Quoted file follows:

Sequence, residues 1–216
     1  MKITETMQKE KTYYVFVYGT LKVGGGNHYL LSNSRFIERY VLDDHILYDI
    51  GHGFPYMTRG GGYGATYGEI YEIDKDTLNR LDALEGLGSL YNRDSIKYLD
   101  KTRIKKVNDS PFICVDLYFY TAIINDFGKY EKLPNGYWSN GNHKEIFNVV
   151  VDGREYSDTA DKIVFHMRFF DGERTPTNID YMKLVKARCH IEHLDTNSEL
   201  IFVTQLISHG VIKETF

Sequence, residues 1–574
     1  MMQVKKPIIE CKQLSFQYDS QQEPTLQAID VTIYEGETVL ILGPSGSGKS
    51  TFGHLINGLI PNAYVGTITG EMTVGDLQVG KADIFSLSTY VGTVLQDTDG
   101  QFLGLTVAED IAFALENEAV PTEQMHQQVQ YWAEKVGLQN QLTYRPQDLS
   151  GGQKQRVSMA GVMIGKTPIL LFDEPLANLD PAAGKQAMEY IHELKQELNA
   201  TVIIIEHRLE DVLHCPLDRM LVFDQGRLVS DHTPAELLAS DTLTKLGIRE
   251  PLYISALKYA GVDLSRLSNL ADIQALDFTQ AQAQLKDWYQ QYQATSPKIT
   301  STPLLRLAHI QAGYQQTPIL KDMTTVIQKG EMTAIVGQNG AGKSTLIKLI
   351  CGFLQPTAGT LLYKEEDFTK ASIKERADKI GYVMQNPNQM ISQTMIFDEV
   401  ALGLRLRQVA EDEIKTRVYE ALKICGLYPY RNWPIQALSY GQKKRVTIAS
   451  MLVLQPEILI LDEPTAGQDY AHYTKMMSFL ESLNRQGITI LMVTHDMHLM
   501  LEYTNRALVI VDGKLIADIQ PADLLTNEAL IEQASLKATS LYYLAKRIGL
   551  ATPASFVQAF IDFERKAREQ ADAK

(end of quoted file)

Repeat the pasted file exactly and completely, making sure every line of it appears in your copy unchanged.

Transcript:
Sequence, residues 1–216
     1  MKITETMQKE KTYYVFVYGT LKVGGGNHYL LSNSRFIERY VLDDHILYDI
    51  GHGFPYMTRG GGYGATYGEI YEIDKDTLNR LDALEGLGSL YNRDSIKYLD
   101  KTRIKKVNDS PFICVDLYFY TAIINDFGKY EKLPNGYWSN GNHKEIFNVV
   151  VDGREYSDTA DKIVFHMRFF DGERTPTNID YMKLVKARCH IEHLDTNSEL
   201  IFVTQLISHG VIKETF

Sequence, residues 1–574
     1  MMQVKKPIIE CKQLSFQYDS QQEPTLQAID VTIYEGETVL ILGPSGSGKS
    51  TFGHLINGLI PNAYVGTITG EMTVGDLQVG KADIFSLSTY VGTVLQDTDG
   101  QFLGLTVAED IAFALENEAV PTEQMHQQVQ YWAEKVGLQN QLTYRPQDLS
   151  GGQKQRVSMA GVMIGKTPIL LFDEPLANLD PAAGKQAMEY IHELKQELNA
   201  TVIIIEHRLE DVLHCPLDRM LVFDQGRLVS DHTPAELLAS DTLTKLGIRE
   251  PLYISALKYA GVDLSRLSNL ADIQALDFTQ AQAQLKDWYQ QYQATSPKIT
   301  STPLLRLAHI QAGYQQTPIL KDMTTVIQKG EMTAIVGQNG AGKSTLIKLI
   351  CGFLQPTAGT LLYKEEDFTK ASIKERADKI GYVMQNPNQM ISQTMIFDEV
   401  ALGLRLRQVA EDEIKTRVYE ALKICGLYPY RNWPIQALSY GQKKRVTIAS
   451  MLVLQPEILI LDEPTAGQDY AHYTKMMSFL ESLNRQGITI LMVTHDMHLM
   501  LEYTNRALVI VDGKLIADIQ PADLLTNEAL IEQASLKATS LYYLAKRIGL
   551  ATPASFVQAF IDFERKAREQ ADAK